Technical analysis influences the investment decision of the majority of the players in the stock market in one way or the another. Even if these players themselves are not studying charts and patterns, it is highly probable that they are reading some of the other analysis regarding bearish and bullish patterns of the stocks which they might be considering to buy or invest.
Almost every broking and trading platform offer some form of software to analyze charts, trends and conduct the technical analysis. Many of these platforms, also allow investors to buy shares directly from these charts, making it very easy for investors to invest, buy and sell stock based on its price movement.
Investment decisions were not made this way in the past. The practitioners of technical analysis were sparse, as the available technology did not support real-time data feed and investors would manually plot daily share prices on graph paper or utilize charts offered by financial publishers and newspapers. Most of these charts were based on the daily closing price of the stock, and these charts did not provide a complete picture of the daily stock price movement for the investor. It is possible that the investors were making their investment decisions based on outdated or inaccurate charts.
But today, with the advancement in computing technology, faster computers, and high-speed internet connectivity, technical analysis has become much easier to conduct. But, is making an investment decision solely by charts and trends a sensible choice?
Off-late, many investors and stock-market players are shunning technical analysis and reducing their reliance on technical analysis for making their investment related decisions. Investors and stock market players, who were profitable using technical analysis have also begun to question its effectiveness. Their stand has changed from ‘they are profitable because they use technical analysis’ to ‘they are profitable in spite of using technical analysis.’
While supporters of technical analysis might not agree to the below-mentioned facts, here are some reasons why technical analysis might not work for you:
Past Success Cannot be Equated as Future Success
As per SEBI guidelines, every IPO, mutual fund, NPO, etc. is required to communicate a disclaimer that past performance cannot guarantee future results. While technical analysis believes that the future success is linked to past performance, the SEBI begs to differ. Using charts and technical analysis tools to determine future prices from the stock’s past performance, is violating one of the most basic investor warnings issued by SEBI. No matter how intricate a chart is, it can only plot stock prices of the past. Investors need to trade in the future and not the past. SEBI understands this and tries to warn investor in almost every step, but the supporters of technical analysis do not any pay heed to this.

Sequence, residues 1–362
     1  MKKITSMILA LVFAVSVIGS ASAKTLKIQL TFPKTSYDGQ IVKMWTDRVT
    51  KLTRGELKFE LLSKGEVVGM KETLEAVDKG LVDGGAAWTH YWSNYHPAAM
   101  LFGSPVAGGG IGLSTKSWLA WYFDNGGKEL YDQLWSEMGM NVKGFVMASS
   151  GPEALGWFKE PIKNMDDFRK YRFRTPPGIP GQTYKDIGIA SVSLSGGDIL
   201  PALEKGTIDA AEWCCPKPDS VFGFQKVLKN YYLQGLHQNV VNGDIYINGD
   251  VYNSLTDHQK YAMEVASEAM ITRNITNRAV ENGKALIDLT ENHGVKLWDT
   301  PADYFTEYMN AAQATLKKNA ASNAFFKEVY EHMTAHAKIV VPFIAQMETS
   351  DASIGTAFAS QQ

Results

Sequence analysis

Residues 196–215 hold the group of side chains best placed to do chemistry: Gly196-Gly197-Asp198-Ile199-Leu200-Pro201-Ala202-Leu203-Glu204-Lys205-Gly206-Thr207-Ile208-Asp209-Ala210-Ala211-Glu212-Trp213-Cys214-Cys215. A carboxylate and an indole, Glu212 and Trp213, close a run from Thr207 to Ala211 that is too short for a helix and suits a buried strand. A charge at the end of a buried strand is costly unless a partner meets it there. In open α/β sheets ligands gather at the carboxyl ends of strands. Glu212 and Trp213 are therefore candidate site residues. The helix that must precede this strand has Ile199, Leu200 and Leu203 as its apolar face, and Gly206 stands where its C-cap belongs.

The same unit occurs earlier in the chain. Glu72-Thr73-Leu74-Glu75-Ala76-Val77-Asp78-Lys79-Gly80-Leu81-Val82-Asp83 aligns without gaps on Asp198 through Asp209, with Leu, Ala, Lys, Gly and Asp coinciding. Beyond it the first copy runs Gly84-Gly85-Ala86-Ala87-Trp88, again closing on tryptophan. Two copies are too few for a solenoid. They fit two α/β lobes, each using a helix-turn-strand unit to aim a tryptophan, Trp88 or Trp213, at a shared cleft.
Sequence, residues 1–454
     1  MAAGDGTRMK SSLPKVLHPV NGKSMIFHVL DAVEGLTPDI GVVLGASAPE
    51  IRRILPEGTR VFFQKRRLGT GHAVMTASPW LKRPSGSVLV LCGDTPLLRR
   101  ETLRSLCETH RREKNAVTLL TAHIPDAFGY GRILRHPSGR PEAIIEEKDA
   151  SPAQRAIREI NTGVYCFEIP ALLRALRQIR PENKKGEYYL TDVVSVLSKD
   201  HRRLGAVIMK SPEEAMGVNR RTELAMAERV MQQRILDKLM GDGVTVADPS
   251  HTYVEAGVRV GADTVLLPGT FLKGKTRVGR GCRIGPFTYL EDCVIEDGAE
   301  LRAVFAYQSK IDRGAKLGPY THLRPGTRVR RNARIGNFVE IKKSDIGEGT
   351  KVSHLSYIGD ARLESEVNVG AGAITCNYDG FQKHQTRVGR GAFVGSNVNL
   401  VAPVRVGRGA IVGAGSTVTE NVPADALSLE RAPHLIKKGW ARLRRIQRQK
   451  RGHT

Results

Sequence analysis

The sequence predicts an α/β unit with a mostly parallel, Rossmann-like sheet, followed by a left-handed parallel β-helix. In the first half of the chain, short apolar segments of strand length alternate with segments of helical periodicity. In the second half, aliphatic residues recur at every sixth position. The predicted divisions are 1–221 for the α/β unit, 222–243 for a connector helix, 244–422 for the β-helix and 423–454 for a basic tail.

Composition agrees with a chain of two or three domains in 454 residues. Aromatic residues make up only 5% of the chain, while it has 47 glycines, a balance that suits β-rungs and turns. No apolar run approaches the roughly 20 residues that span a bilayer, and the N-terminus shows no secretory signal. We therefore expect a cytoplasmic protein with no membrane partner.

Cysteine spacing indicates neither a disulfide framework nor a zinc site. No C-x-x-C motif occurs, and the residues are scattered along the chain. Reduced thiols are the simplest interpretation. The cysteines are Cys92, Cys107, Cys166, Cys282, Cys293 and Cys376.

It’s only natural for humans to predict the future from the past. A chart can only provide answers for the past, i.e., if an investor had invested in the stock at X price on a certain day, and sold the stock on Y price on another day, the investor might have made Z profit. The future cannot be predicted and thus, this information is rendered useless while deciding to invest in stocks.
Stock Price cannot be moved by Investor Psychology
Technical analysis believes that the price of a stock reflects the mood or the psychology of the investors at a given period. This theory might sometimes be true.
The fact is, investor psychology does not move price, money does. With the emergence of large financial institutional players and hedge funds, a single stock trade can control the stock prices. A hedge fund manager might buy or sell a share for a wide array of reasons, but their investment decision does not guarantee to create a bandwagon effect.
Charts can be Deceptive
The appearance of a price chart can rely on a wide array of factors, and they can be interpreted differently by different investors. Any changes in the scaling of the chart can drastically alter the appearance of the chart, and if an investor is used to a certain scaling and is unaware of changes in scaling, they might interpret the chart differently. These minute drastic changes interpreted by an investor as an upside price breakout can be interpreted as a breakout failure by another investor.
Limited Academic Proof on Effectiveness of Technical Analysis
At present, there is limited academic literature which proves the effectiveness and efficiency of technical analysis while making investment decisions. Most existing studies in this domain indicate that entry points and exit points discovered through technical analysis are completely random.
Technical analysis is not completely random and does hold some merit. It is a perfect tool to scan a large number of stocks to find stocks which fit within certain parameters for additional research. Also, technical analysis can be used for comparing the price movement and performance of two or more stocks over a certain period. While technical analysis has its uses, making investment decisions is not one of them.
Also, investors need to consider the fact that investing can be risky and markets and stock prices can take an unpredictable turn, irrespective of the method utilized.